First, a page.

We’ve probably all suffered the effects of a leader who has taken advantage of their position. I know I’ve been guilty of it. But I want to be the leader that doesn’t ask anything of my team that I haven’t already done or am not willing to do myself. I want to use my position to serve them.

I’m learning that I can’t always be in the trenches with my team because I need to be leading in the ways that only I can lead. But I know the power of serving alongside them when I can. Those times help me to see what they do and how valuable it is to our team. When I have to lead from the front, I hope they trust that I care about them and their role on our team.

Unfortunately, I’ve learned these essentials more through my failures than successes. I’m still learning. I hope to continue learning and practicing these essentials for leading a team.


Every human is created to worship something. God designed that something to be Him, but, as Romans 1:25 says, we tend to focus on the created things rather than the Creator. This can be especially true with children.

So when we dreamed of where to begin with the FellowshipKids app, it only seemed right to help kids see God’s power. Paul Tripp says, “Only when awe of God progressively replaces awe of self will we joyfully, willingly, and consistently live as God designed us to live.” We want kids to develop an awe of God that radically transforms their every thought, word, and action.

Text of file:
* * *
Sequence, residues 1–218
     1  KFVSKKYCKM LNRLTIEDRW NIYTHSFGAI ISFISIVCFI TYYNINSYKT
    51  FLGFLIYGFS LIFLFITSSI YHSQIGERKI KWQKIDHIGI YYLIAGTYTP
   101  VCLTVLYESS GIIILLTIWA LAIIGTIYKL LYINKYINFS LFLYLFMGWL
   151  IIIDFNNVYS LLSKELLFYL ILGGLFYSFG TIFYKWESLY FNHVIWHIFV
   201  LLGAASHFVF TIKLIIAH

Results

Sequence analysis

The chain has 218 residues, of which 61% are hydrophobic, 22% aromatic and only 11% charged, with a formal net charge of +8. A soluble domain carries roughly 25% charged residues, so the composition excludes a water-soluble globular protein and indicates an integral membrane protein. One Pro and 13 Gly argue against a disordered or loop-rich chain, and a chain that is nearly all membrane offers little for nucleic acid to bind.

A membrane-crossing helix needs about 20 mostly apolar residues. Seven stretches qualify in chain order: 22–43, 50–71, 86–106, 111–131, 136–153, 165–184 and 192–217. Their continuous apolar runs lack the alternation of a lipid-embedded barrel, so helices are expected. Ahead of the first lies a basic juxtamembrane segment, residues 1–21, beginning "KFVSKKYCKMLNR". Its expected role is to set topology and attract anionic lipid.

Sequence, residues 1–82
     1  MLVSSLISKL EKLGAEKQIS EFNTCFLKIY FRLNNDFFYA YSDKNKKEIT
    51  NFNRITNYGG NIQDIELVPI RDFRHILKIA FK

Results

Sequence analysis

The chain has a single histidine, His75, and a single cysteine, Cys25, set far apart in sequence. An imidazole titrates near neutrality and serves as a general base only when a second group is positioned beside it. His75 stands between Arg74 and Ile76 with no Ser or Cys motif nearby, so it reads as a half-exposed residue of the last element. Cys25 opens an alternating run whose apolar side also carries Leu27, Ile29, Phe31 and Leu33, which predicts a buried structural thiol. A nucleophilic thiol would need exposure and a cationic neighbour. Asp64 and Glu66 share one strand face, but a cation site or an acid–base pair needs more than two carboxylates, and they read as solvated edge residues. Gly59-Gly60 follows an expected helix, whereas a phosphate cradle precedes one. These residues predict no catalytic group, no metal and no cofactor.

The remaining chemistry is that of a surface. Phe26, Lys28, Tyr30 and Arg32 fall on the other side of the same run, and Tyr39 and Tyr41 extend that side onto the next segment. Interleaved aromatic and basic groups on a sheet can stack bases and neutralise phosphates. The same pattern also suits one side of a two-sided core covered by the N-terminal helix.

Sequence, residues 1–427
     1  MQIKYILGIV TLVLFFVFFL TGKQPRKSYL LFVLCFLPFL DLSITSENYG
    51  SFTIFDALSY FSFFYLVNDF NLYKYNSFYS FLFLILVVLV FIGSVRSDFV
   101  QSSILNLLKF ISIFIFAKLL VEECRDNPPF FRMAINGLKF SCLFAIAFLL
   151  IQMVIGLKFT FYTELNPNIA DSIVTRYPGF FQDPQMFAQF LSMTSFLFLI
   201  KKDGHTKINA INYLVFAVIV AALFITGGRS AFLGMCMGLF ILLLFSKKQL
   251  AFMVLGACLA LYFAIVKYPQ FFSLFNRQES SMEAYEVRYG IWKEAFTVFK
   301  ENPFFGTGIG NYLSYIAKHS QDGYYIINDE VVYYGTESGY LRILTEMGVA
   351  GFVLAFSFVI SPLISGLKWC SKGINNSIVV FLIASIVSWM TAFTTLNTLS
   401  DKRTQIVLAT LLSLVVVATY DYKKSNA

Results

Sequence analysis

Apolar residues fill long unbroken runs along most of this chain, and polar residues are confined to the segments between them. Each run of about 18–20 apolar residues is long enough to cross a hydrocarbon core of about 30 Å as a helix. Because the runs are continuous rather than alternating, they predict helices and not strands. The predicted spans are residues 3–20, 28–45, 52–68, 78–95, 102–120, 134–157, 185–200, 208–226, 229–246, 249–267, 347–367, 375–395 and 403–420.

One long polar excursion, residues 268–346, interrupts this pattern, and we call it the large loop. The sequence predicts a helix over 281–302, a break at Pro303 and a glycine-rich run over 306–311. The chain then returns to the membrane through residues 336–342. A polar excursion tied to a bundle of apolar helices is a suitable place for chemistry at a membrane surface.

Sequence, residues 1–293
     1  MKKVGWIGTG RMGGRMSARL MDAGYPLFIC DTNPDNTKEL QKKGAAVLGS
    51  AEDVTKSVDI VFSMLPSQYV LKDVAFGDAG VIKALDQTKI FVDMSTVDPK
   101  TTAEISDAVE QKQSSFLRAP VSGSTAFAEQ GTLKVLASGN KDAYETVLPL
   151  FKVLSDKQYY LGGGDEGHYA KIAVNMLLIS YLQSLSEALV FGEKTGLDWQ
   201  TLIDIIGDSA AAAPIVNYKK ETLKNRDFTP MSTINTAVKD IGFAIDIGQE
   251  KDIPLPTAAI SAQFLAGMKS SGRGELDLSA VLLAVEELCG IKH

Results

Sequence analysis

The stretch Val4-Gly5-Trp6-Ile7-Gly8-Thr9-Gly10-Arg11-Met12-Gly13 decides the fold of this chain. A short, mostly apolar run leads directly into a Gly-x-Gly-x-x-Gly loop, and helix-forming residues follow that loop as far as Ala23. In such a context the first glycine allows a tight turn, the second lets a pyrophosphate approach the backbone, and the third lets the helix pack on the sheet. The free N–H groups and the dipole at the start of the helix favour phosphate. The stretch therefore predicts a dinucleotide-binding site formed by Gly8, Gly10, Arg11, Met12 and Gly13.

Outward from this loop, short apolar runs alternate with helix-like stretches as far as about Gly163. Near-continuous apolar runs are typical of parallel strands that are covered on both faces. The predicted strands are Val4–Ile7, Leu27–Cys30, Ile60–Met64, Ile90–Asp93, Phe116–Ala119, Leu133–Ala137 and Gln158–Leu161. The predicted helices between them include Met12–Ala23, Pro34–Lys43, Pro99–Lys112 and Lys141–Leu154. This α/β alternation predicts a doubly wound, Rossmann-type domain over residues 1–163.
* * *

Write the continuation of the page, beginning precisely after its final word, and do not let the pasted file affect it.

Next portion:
Here are a few ways you, as a parent, can help your child develop an awe of God:

Point to the Powerful Works of God in Creation

God has filled the whole Earth with His glory, which means every where we look is a reminder of His power. When you see a beautiful sunset, a powerful thunderstorm, or a fresh snowfall, make every effort to point to the Creator behind the creation! Take a moment to say, “Wow! Isn’t God amazing? Just look at what He made to remind us of His power.”